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dausonlovi's avatar

Are prayer languages Biblical?

Asked by dausonlovi (23points) June 16th, 2009

I witnessed speaking in tongues rather in depth last Sunday and now am totally curious about it.

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21 Answers

eponymoushipster's avatar

No. it’s not. It clearly says in the Bible that those things would go away after the death of the 12 Apostles. (1 Corinthians 13:8)

What’s more, the “gift of tongues” that miraculously occurred, as record in the Acts of the Apostles, helped them to speak in the tongues of those present, in order to teach them about Jesus. (Acts 2:4,8)

Those who claim to “speak in tongues” today oftentimes speak gibberish (1 Corinthians 14:27, 28), or, on the occasion that it is a specific language, it is very often very vulgar speech. It would be more consist with what constitutes demonic activity. (1 Corinthians 14:26)

Blondesjon's avatar

sigsby flbbbtt dsflting fdsau. scoobdoq rruims fdsa.parksfn dsssloogmi yyhargossth beoojf nertiin.

loosely translates to: Yes.

aprilsimnel's avatar

I also thought it was a one time thing, but would get shouted down in Sunday School, so I just kept my mouth shut. I was raised in that tradition, and I came to the conclusion at about 10 that it was simply a lot of gibberish, but what with the emotional group frenzy of the parishioners, became meaningful to them. For a lot of them, it was the only time in their week that they could really get super emotional with no consequences.

I was never considered “saved” by the congregation since I couldn’t get myself to do it. You really have to shed your inhibitions to scream, cry, throw oneself over benches, “dance in the spirit” and speak in tongues like that and I never could.

Facade's avatar

I believe there are scriptures referencing it. I’ve never done it myself, and it’s certainly not a requirement for salvation smh

pats04fan's avatar

No, its not, most orthodox catholics do but no. Any prayer will do brother.

Poser's avatar

@pats04fan—Ive never seen or heard of Catholics speaking in tongues. Generally evangelicals and their ilk.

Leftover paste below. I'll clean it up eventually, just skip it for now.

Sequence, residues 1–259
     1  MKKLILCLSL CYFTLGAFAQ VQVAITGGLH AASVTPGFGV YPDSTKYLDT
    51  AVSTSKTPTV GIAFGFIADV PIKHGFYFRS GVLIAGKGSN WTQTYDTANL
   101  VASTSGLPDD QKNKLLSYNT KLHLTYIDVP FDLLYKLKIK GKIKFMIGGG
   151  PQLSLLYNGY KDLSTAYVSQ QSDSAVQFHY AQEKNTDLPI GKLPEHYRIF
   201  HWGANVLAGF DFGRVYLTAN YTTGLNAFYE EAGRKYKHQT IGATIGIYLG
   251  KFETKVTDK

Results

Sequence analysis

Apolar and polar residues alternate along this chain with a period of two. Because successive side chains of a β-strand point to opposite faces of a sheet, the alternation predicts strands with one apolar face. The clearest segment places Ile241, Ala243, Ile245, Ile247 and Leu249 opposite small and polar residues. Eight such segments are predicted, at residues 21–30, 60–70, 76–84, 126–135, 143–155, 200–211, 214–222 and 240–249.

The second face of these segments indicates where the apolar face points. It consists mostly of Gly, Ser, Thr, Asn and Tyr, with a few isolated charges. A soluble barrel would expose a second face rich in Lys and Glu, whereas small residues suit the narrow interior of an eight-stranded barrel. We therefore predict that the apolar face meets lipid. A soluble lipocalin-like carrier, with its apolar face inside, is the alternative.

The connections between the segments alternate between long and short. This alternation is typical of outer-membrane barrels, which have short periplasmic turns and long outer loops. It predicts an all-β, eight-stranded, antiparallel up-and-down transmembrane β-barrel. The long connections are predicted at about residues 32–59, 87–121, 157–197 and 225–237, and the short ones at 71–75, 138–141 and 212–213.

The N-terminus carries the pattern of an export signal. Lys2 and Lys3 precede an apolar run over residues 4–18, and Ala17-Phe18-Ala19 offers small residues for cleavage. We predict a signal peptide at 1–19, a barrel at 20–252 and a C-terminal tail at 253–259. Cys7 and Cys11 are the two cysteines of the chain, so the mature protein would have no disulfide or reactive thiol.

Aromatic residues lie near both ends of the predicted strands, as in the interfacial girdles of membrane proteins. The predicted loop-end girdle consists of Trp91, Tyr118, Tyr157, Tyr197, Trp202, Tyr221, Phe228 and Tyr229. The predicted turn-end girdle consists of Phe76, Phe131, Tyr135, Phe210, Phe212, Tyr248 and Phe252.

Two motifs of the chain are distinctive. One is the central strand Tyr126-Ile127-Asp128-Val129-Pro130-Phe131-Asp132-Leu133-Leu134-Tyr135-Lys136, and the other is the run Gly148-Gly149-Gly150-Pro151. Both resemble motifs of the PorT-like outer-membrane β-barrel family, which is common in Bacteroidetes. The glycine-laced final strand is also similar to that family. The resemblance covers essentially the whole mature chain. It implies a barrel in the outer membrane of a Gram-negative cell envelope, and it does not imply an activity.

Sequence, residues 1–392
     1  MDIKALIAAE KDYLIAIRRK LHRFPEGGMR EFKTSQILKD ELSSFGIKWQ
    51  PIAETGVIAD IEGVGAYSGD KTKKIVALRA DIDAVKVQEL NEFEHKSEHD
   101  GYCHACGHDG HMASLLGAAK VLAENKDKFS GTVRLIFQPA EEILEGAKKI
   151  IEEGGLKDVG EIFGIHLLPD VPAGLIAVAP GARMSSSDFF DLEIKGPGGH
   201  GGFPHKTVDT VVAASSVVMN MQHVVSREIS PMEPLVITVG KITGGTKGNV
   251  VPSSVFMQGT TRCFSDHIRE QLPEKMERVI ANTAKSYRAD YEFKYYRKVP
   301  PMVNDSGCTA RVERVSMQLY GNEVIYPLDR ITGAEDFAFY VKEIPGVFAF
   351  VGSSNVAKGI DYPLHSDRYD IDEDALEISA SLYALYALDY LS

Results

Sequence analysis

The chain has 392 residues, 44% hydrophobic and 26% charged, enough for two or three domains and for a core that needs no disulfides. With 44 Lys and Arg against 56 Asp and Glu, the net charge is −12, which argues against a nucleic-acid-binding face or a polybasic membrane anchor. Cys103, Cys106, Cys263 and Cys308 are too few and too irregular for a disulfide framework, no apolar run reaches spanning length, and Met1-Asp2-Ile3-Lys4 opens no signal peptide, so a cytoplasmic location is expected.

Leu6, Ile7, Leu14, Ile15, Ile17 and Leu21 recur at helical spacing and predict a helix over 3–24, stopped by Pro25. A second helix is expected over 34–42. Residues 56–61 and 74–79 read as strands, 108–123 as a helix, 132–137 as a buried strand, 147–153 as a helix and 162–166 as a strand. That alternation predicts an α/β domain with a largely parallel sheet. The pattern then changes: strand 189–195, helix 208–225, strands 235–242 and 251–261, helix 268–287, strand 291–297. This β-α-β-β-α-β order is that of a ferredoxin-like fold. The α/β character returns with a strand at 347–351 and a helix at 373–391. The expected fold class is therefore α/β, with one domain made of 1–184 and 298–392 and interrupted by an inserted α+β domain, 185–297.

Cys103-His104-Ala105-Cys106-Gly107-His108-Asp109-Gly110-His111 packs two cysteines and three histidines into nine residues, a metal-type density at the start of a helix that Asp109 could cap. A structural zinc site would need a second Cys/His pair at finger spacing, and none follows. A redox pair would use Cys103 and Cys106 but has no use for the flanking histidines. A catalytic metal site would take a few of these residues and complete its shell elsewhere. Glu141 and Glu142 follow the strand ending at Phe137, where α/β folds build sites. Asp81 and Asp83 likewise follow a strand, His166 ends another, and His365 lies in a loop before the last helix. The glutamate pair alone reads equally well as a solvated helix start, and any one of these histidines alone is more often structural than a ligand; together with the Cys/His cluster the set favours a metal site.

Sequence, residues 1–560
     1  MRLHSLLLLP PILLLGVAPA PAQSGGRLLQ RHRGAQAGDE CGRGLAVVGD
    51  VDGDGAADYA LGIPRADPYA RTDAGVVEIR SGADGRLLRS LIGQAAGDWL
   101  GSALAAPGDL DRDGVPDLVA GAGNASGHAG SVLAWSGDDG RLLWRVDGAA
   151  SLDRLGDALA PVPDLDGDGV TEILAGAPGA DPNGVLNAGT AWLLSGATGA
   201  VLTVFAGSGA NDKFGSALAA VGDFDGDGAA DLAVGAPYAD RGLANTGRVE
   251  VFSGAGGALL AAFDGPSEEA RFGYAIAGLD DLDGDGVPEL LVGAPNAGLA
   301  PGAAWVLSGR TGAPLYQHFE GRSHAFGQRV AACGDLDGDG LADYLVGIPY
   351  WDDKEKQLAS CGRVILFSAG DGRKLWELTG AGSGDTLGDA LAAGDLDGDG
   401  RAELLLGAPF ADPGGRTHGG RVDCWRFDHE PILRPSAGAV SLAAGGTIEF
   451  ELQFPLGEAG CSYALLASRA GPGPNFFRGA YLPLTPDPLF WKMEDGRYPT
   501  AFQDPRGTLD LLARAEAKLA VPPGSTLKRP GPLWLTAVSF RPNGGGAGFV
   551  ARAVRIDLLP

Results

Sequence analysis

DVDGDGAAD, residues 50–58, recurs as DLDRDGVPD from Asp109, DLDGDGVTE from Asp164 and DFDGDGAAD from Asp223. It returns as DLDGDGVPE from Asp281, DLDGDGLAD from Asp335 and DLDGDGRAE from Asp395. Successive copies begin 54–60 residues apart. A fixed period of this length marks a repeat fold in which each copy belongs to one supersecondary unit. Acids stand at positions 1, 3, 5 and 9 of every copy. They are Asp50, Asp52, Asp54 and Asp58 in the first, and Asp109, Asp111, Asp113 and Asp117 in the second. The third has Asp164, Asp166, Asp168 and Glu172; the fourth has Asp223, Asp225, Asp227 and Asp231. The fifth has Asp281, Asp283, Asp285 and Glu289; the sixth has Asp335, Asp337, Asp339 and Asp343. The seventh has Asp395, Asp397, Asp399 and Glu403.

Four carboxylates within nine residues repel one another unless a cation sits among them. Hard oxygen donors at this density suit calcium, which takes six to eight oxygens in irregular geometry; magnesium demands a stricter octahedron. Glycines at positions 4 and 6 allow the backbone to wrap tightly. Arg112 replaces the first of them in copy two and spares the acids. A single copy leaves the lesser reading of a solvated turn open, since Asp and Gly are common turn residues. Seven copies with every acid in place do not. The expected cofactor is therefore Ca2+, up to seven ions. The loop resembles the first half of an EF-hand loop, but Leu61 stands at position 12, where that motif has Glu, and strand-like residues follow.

pats04fan's avatar

Now it is hard to find an Orthodox catholic church in my town,I a don’t know about yours, but they have always spoke Latin.

dausonlovi's avatar

Praying in Latin is one thing, but actuall Prayer Languages, in which the person appears to be speaking gibberish. Is that Biblical? Everyone seems so split on the teaching.

pats04fan's avatar

A prayer is a prayer, it’ll be hears no matter what language. If you cannot speak in other languages, it is okay, because it has nothing to do with getting into Heaven of not.

eponymoushipster's avatar

The OP is referring to “speaking in tongues” not Latin, as is often used in Catholic religious ceremonies.

Though one might point out that Latin was used by the Church to keep people from reading the Bible and knowing what was actually said, as opposed to what they wanted people to believe.

toleostoy's avatar

The way you use the word biblical is interesting. If I had to guess, I would imagine you are wondering whether the Bible prescribes speaking in tongues or prayer languages for you, dausonlovi.

The way I generally use the word “biblical,” your question is not one to be debated. In my mind, biblical refers to the accounts of scripture, i.e. the stories and letter, or the mindset of the people of the Bible. So genocide is biblical, but I don’t think it’s a prescription for what you should do. Biblically, the sun moves and the earth is flat.